An Unintended Consequence of Females in the Infantry?
There is a great deal of discussion going on right now concerning whether or not women should serve in designated ground combat roles. Should women be infantry soldiers or not? Articles such as that posted at American Thinker by Elise Cooper present numerous pros and cons, but, as with most such writings, the comments by readers are almost uniformly negative. Most of those responding cite various problems that will arise if the Obama administration insists on pushing through this politically correct social experiment. And most of those problems they cite are quite likely to occur in the opinion of this old combat infantryman.
However, there is another problem that I foresee: senior female officers have pushed this issue of women serving in combat because they see the lack combat duty and combat command in their military résumés as an impediment to further promotion. They may be correct. But just because that is true in their situation, it does not mean that it will be so for female junior officers or enlisted personnel serving in infantry units. The reality may just be the opposite.
The lowest leadership position in an infantry platoon is that of fireteam leader -- usually a junior NCO, corporal, or sergeant (and, too frequently in the real world, a specialist fourth class). The fireteam usually consists of the leader and three or four lower-ranking soldiers. To get that first leadership promotion to fireteam leader, a soldier must demonstrate performance that his superiors believe sets him apart from and above those other members of the various fireteams in an infantry platoon and company. While many criteria go into promotion decisions, such as intelligence and can-do attitude, leadership ability is the most sought-after quality.
And that holds true all the way up the promotional chart. For once a soldier has been singled out by his superiors as worthy of being a fireteam leader, from his very first day on the job, his performance is being observed to see how well he leads his team and how well he stacks up against the other two or three fireteam leaders in his squad, as well the three or four fireteam leaders in each of the other two to four squads in his platoon. That competition for promotion never ends, and the importance of the ability to lead only increases with each step up.
And therein lies the rub for young women aspiring to serve in direct infantry roles. Even the most ardent liberal proponents of women in combat will generally concede that it will be a rare female soldier who possesses the same physical strength as her male counterparts. The most important quality for promotion down at the ground level where the infantry operates (it is called ground combat, after all) is leadership, and that leadership means out-front physically leading, setting the example for soldiers operating at the very limits of their physical endurance. How is a physically weaker female soldier going to meet that leadership requirement?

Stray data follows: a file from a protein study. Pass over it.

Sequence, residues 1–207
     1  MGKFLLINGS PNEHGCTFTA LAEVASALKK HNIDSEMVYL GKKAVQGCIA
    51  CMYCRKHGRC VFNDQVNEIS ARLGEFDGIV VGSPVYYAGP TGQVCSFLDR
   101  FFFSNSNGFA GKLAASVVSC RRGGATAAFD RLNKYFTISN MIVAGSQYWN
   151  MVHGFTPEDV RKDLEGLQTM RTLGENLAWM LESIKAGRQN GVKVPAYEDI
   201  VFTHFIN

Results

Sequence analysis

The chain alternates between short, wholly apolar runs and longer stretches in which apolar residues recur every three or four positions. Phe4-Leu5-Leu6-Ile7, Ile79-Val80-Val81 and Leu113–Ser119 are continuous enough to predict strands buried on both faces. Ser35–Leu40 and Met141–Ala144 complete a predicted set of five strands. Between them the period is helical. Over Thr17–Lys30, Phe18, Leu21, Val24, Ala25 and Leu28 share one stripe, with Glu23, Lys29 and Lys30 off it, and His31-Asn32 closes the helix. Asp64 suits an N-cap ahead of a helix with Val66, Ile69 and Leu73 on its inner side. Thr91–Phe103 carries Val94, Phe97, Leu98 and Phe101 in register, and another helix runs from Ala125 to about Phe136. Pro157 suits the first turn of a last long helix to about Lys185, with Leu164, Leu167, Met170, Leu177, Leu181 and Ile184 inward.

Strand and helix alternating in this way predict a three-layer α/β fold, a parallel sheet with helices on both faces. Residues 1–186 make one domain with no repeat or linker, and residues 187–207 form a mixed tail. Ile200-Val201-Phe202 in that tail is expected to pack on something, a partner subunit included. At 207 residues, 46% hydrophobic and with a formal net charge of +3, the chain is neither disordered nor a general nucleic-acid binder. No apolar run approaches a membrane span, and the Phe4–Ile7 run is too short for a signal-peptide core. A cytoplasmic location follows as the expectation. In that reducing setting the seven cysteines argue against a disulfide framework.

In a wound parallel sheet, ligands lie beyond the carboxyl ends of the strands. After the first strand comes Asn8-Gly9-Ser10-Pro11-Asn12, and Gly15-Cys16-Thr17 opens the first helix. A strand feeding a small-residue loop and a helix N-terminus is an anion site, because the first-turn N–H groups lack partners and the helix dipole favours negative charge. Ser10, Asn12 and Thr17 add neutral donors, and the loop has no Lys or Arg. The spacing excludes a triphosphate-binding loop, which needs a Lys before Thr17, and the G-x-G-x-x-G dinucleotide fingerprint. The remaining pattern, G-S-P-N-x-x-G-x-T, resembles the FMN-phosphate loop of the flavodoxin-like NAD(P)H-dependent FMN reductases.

As any infantryman can tell you, superior physical strength generally equals greater endurance. So if a female soldier lacks the strength and endurance to set the example for other soldiers, how is she to get promoted? Having spent six years in the infantry, serving from private to staff sergeant, I can tell you that being able to set the physical pace and set the proper example is essential 24/7 in leading soldiers. They have zero tolerance for weakness, physical or otherwise, in their superiors, and they are quick to exploit it. It then becomes a short path to disciplinary problems -- and poor discipline is, in and of itself, the shortest road to poor unit cohesiveness and combat performance.
If, as we can anticipate, the Pentagon insists on socially promoting females in infantry units on a gender -quota basis, regardless of their ability to lead from the front, then we at some point in the future will have ground forces that have a sizeable portion of their leadership positions filled by people who were promoted without possessing the full ability to lead their subordinates. That will systematically redefine and degrade the role of unit leadership. In a future ground war, then, this nation will be at a disadvantage when engaging forces where the principle of strong, physical leadership has been maintained.
I mentioned senior female officers complaining of a lack of combat experience. Since we do now have female field grade officers commanding battalions and higher in combat zones, they had to arrive at their commands via promotion through support units, where female ability to compete with male soldiers is not dependent upon physical strength. However, under these new rules, many of them would begin their careers as second lieutenant/platoon leaders in an infantry company, where they must compete against the other, mostly male, lieutenant/platoon leaders in their company as well as all the lieutenants in the several other companies constituting their battalion. Since many junior (male) infantry officers are recruited from college athletics programs, this promotion-physical leadership discrepancy could become even more pronounced for female officers. Rather than facilitating female promotion in the senior ranks, this move could result in female officers being weeded out early in their careers because they simply lack the ability to physically lead.